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Hollie Grimaldi Flores: For Danny

Danny. That was his name. My friend. My friend who was diagnosed with stage four cancer and given six months to live. He died. It was not six months, but six years before cancer won. He responded to treatment so well, for so long, that I let myself believe he might be the exception, the one that got away with it. The one that won the fight. He was not. As it turns out, no one gets out of here alive. It’s already been over a month since we said goodbye. Me with a parting hug and an “I love you.” Him with a “See you on the other side.”

After so many years of remission and positive responses to treatments, it was incredibly hard for me to believe he would not pull through when he got the first “bad scan” in February. I minimized the fear and found some plausible theory that his body was reacting to something else. When he got another poor result a few months later, and started another form of treatment, I became a bit more concerned. By August, a good friend, who happens to be a hospice nurse, sat me down to tell me, to make me see, that he was not going to get better. There was some discussion about talking to the good people at Hospice of the Foothills to see about getting him connected with their palliative care program.

As stated on the National Institute on Aging website, “Patients in palliative care may receive medical care for their symptoms, along with treatment intended to cure their serious illness. Palliative care is meant to enhance a person’s current care by focusing on quality of life for them and their family.”



I could see the toll his illness was taking — not only on him, but on his immediate family as well. When I asked him about connecting to the palliative care program, he resisted. He said taking that step felt like giving up. I was adamant that he was wrong. Seeking services such as those provided by Hospice of the Foothills was, in my mind, a way to get some support and respite for his immediate caregivers. It was about the quality of time he had left. It would be the selfless thing to do. What I did not realize, was that it is not simply making the decision and then making a phone call. There is a process to getting connected to the services and it can take a bit of time.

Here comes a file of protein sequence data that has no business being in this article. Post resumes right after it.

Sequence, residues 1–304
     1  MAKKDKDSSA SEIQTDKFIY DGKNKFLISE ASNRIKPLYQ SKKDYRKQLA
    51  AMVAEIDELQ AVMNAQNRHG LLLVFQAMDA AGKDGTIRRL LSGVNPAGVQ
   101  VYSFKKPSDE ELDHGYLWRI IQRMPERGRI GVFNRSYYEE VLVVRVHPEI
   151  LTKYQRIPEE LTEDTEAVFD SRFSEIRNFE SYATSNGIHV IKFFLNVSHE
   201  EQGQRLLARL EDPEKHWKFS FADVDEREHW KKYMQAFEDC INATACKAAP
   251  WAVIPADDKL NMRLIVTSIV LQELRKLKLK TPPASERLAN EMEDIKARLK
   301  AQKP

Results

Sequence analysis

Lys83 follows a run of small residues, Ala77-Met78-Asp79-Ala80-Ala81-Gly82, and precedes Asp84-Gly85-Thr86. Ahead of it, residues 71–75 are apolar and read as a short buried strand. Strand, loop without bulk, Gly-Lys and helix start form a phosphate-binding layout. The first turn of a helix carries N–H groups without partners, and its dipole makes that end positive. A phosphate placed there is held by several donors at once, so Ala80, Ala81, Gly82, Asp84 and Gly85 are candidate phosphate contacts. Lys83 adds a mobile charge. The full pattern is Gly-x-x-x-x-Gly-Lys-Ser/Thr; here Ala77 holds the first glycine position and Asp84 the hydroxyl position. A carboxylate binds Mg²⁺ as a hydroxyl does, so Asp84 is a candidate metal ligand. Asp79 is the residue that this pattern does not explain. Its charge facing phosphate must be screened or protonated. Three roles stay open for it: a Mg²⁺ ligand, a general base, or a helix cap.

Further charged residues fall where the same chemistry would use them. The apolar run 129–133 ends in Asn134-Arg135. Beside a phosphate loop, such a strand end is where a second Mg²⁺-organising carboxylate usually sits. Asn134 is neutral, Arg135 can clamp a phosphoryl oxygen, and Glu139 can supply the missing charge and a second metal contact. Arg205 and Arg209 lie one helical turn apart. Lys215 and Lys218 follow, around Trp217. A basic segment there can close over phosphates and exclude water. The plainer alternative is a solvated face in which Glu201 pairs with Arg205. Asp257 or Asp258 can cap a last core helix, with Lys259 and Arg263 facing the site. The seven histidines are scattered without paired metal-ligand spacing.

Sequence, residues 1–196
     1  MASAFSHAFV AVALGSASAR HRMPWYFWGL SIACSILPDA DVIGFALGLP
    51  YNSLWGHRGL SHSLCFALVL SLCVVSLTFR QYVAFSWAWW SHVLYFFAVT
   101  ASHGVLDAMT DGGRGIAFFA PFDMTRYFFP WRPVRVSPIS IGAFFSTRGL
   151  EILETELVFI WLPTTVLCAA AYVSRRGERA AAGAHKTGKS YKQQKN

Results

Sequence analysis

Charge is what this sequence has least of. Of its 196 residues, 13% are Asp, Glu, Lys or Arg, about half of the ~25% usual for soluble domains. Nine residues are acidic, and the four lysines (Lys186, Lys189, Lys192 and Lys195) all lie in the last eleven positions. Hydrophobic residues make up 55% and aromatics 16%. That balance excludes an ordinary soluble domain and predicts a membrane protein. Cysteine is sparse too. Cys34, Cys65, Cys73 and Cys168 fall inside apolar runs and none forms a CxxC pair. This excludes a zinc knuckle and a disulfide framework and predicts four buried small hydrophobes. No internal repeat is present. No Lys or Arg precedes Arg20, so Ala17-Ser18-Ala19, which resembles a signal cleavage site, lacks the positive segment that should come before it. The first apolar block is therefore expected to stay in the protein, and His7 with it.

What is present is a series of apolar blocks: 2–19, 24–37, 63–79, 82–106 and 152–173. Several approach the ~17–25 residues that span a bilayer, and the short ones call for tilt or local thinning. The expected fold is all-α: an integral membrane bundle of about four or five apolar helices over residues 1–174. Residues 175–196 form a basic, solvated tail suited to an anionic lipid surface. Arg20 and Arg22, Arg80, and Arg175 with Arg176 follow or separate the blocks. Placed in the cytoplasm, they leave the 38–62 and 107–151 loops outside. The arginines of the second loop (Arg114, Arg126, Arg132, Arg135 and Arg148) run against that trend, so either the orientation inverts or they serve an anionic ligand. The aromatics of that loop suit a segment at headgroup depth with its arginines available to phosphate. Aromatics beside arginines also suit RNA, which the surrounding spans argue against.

For my friend, when he was finally ready to make the call for palliative care, the disease had progressed too far for that to be an option. He went straight to the front of the line.




Once people learned he was “on hospice,” a parade of friends began calling and visiting him at home. Loved ones from near and far came to pay their respects and say their goodbyes. Forgiveness was abundant. As was the outpouring of love. That process was exhausting — not only for my friend who was transitioning out of this life, but to his family and caregivers as well.

In our society, being on hospice is a screaming banner that reads, “The end is near.” In reality, the care provided by hospice staff and volunteers can go on for months, but more often, by the time the call is made, as in this case, the person in need of those services is nearing their final stages. They suffer when they need not suffer.

Our small community nonprofit hospice may have as many as 100 patients under their care at any given time. That is a lot of home visits, phone calls, medical equipment, education and compassion to dole out.

I say this now because it was not something I had really thought out. I imagined once the decision was made to focus on the quality of life left, one phone call was made and within an hour someone would magically be at the door. Pretty unrealistic, I know, but I had really only focused on what care would be offered, not how quickly or how long it might take to happen.

Being on hospice means help with pain and help with managing symptoms. There is an educational component in understanding the process of dying they can share with the family. They come with medical equipment, medication, instruction, and the calm experience of having seen this process. There is spiritual support and grief counseling and probably most importantly, there is respite for the primary care giver – often the surviving spouse or other family member. However, that primary care giver is literally still doing the “heavy lifting” — administering medication, taking care of feeding, grooming, and dealing with biological function. It is not an easy task. It is not an easy ask.

Once treatment was no longer an option, my dear friend went quickly. He was not in pain. He had the good fortune to be lucid to his last day, enjoying visits and conversations nearly to the end. He was no longer afraid; just sad to be leaving so soon. There were few words left unspoken. He was able to leave with few regrets … maybe one more trip to the beach would have been nice. He did say dying was not any fun and once he surrendered, he was gone. Just. Like. That.

As a culture, we get a failing grade when it comes to the subject of dying. We are all going to die and yet we barely talk about it. We don’t plan for it. We leave those left behind with incredibly painful decisions to make when they really are not in a state to be making any decisions at all.

Danny. My friend. The one with cancer, had time to let us know what he wanted to have happen after he passed, and his wishes have been granted.

My wish is that we all address and plan for the inevitable. It’s the kindest thing we can do for the ones we leave behind.

Hollie Grimaldi Flores is a Nevada County resident and freelance writer for hire, as well as a podcaster at HollieGrams. You can hear her episodes at https://www.buzzsprout.com/1332253. She can be reached at holliesallwrite@gmail.com


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